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8,607 Posts
Change the 12v battery for a new one anyway. It's nearly 3.

If the traction battery is leased then it's Renault's problem anyway if it's a battery issue so you'd have to take it to a renault dealer. If it leased it does have recovery so you could suggest it went to Renault Wolverhampton as they seem to be the ones that deal with the more tricky cases.

If it is battery owned then how far are DSG Morecombe? They're another dealer that aren't clueless. There's also Cleevely EV.
 

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Discussion Starter · #3 ·
Change the 12v battery for a new one anyway. It's nearly 3.

If the traction battery is leased then it's Renault's problem anyway if it's a battery issue so you'd have to take it to a renault dealer. If it leased it does have recovery so you could suggest it went to Renault Wolverhampton as they seem to be the ones that deal with the more tricky cases.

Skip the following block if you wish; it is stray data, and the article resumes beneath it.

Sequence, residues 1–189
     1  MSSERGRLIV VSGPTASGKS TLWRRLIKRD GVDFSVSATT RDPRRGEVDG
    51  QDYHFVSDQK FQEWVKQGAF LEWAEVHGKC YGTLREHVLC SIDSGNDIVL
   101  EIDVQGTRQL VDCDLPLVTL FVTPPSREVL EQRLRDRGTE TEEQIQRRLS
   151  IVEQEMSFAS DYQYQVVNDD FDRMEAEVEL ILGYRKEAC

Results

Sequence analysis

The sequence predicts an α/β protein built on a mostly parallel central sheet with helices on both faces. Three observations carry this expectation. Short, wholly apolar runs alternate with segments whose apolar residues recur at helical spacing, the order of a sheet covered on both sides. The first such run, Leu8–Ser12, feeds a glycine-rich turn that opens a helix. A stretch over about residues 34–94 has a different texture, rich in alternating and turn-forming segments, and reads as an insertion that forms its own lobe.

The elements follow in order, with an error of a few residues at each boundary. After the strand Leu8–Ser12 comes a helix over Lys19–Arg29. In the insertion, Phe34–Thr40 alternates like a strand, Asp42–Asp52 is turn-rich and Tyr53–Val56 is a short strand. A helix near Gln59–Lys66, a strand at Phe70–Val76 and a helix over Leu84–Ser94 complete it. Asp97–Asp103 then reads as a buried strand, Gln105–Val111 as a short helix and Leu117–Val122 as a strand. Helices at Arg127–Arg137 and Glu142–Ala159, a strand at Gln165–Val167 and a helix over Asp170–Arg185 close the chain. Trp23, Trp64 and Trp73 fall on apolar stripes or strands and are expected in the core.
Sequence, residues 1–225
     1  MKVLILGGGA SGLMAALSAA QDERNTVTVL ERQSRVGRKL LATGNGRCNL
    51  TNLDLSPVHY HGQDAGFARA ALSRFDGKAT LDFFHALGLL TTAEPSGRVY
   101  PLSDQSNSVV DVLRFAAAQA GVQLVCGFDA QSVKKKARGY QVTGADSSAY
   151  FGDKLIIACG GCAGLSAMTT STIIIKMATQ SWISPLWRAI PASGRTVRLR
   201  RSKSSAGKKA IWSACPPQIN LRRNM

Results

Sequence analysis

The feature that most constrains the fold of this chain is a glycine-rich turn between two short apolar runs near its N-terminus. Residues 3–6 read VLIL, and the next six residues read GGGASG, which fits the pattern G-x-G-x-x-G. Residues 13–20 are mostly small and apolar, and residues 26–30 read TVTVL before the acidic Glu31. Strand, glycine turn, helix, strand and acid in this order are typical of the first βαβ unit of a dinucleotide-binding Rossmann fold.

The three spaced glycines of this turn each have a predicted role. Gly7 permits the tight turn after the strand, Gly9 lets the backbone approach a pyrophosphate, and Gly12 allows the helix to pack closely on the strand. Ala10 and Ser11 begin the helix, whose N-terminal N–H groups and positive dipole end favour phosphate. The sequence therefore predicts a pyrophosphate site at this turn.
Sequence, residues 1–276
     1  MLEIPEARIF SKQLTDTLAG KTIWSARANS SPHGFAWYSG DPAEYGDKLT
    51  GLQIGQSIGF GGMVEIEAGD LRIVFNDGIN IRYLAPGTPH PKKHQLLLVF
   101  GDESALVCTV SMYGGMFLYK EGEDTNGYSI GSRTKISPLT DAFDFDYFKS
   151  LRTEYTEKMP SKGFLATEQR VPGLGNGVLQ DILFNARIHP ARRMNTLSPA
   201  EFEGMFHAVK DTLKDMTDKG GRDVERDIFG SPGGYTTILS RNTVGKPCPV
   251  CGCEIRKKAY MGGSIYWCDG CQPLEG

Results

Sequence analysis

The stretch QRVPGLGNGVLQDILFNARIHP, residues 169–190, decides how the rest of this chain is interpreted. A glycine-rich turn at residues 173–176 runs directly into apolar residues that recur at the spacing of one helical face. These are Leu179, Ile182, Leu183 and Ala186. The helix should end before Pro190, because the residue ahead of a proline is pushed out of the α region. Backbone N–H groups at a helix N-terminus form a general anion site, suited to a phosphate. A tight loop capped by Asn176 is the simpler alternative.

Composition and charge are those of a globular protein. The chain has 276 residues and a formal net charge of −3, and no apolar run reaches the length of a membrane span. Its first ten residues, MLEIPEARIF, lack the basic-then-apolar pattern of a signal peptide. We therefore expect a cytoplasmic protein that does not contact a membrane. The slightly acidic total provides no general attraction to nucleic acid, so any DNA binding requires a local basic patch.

If it is battery owned then how far are DSG Morecombe? They're another dealer that aren't clueless. There's also Cleevely EV.
Thank you for the swift reply. Just to clarify - are you saying you suspect a traction battery/HV system issue?

The car is battery leased and strictly speaking, the traction battery needs work as it’s 73% SOH (according to CanZE), however since the range is still adequate and we are currently over mileage quota (have repeatedly offered to pay the excess charges to RCI but they tell me to wait for the demand letter, which never arrives!), so I haven’t done anything about that. The traction battery also needs the BMS update. Could either of these be responsible for the errors?

We’re based in Surrey, so both Wolverhampton and DSG are a long way away, especially in a car with 60 miles range!

I’ve been seriously considering using Cleevely EV for the annual service/MOT due in September anyway - they say they will come out to us where we are.
 

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2014 Model S